The next day we left Jamaica, after we had lunch with Malcolm friend who lived in Kingston. As we were waiting in the airport Malcolm and I discussed the reality of living in Jamaica compared to our whitewashed and time altered nostalgia. We were both glad we had returned, if only for a few days, but we were also looking forward to returning to our lives in Scotland.

Enjoying cracking some nuts. Bowl and nuts birthday presents from Malcolm.

Monday, 12 November 2007

Remember, Remember.... to bring some gloves

...And a hat, and a scarf.

Recently it was the 5th of November, and here in the UK that can only mean one thing: Guy Fawkes Day! People celebrate by shooting off fireworks and going to bonfires. Around the middle of October all of the grocery stores started selling all kinds of fireworks and soon after every night was punctuated by little Pop Pop's and flashes of light. Malcolm and I felt like we were back in Jamaica, except the gunshots had been replaced by harmless lights in the sky. We decided to get in on the action and bought two shopping bags worth of fireworks.

Once Guy Fawkes Day arrived I was excited to shoot off our very own fireworks on the beach near our house. First, though, we decided to go to a bonfire in a community near our house. We arrived around 7:15 and the bonfire was finally lit around 7:45. Now, half an hour may not seem like a long time to wait, but it was FREEZING! I said to Malcolm 'now I appreciate that America's big firework holiday is in the summer!'. We waited and waited, huddled together outside the barrier that was keeping people about 50 feet away from the actual bonfire. It was a huge pile of pallets and wood about 20 feet high with an effigy of Guy on top. There were about a thousand people waiting for the fire to start. Slowly we began hearing bagpipes, and eventually the pipers walked past us and the fire started. Hearing the pipes and watching the bonfire burn was very cool; it was a totally authentic Scottish moment.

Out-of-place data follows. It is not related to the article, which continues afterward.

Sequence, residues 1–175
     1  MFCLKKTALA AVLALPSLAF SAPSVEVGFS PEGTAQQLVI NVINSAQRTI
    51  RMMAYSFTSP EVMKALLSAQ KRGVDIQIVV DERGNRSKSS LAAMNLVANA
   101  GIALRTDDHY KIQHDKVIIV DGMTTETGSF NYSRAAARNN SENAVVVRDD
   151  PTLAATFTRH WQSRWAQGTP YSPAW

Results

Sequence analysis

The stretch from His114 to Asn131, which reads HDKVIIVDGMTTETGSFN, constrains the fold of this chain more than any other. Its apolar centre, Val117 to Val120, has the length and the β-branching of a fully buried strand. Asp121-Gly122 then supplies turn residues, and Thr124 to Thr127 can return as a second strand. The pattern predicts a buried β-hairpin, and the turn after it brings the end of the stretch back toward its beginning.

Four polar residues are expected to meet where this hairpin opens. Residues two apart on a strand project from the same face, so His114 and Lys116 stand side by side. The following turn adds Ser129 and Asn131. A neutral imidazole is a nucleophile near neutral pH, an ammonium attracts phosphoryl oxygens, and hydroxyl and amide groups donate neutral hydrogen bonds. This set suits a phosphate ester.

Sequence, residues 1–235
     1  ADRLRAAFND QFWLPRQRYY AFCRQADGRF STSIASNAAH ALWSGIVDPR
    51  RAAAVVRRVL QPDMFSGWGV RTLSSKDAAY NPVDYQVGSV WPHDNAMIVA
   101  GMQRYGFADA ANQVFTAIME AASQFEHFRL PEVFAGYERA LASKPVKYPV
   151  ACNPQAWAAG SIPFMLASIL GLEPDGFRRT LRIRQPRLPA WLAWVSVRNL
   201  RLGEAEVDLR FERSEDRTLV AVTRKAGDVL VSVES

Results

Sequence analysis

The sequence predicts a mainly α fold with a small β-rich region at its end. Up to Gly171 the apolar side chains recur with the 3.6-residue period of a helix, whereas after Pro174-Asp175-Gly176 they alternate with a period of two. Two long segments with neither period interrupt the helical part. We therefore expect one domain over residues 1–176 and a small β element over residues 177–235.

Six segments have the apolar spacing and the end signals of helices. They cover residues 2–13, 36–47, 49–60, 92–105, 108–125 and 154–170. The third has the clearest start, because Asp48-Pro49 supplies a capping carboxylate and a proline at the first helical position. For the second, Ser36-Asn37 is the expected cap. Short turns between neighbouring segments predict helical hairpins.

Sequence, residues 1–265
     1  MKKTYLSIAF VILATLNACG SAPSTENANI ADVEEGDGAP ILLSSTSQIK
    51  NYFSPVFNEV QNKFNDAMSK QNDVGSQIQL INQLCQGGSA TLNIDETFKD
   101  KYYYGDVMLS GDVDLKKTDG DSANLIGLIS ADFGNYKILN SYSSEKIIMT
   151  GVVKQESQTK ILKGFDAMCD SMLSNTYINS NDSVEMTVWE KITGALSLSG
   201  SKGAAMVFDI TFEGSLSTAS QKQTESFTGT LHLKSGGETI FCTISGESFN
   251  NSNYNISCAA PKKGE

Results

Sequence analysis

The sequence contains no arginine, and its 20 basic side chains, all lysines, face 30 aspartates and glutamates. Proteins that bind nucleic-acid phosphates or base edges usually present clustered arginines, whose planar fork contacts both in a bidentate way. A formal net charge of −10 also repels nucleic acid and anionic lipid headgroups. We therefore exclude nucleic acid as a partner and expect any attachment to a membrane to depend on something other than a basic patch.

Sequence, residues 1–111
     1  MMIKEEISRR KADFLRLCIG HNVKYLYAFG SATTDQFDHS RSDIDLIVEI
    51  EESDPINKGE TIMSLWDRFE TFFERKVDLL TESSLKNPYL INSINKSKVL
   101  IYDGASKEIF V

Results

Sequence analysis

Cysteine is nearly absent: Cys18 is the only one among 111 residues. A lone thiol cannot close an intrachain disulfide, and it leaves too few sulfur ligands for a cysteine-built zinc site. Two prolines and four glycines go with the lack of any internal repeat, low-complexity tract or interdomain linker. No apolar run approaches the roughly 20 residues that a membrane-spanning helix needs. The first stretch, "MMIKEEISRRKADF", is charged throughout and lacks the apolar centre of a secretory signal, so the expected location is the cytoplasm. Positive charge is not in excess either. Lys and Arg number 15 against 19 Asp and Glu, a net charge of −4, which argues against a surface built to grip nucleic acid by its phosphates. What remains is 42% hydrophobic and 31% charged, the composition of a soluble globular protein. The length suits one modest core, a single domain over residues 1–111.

As we watched the fire burn everyone around us was commenting on it: 'Oh, Guy is on fire now' 'There goes Guy!' 'He's done for now!'. I realized that years ago people would have stood around a similar fire and watched a real person burn! Maybe even right where we were standing! Bizarre.

Malcolm and I left as the fireworks show began. We both had frozen feet, and we were ready to light our own fireworks. After a quick stop home to warm up we headed down to the beach. As we got there we noticed a bunch of Neds (Non Educated Delinquents) standing around their own 'bonfire' (really a pallet that gasoline had been poured on). We picked our spot well away from them and headed down to the beach. Instantly we were frozen again, and it was so windy we couldn't get anything lit. We moved back by the car and decided to light things in the parking lot. Meanwhile all the Neds had left and the fire department had come to extinguish the pallet. We set up and began shooting off fireworks. It was lots of fun, but I couldn't feel my fingers after a few minutes.

After shooting off most of our fireworks we decided to call it a night and go home. We drove past a few other people shooting off their own stash.

Once home we turned up the heat and huddled under blankets. All night we heard fireworks, and it hasn't stopped since. Every night I hear a few pop's....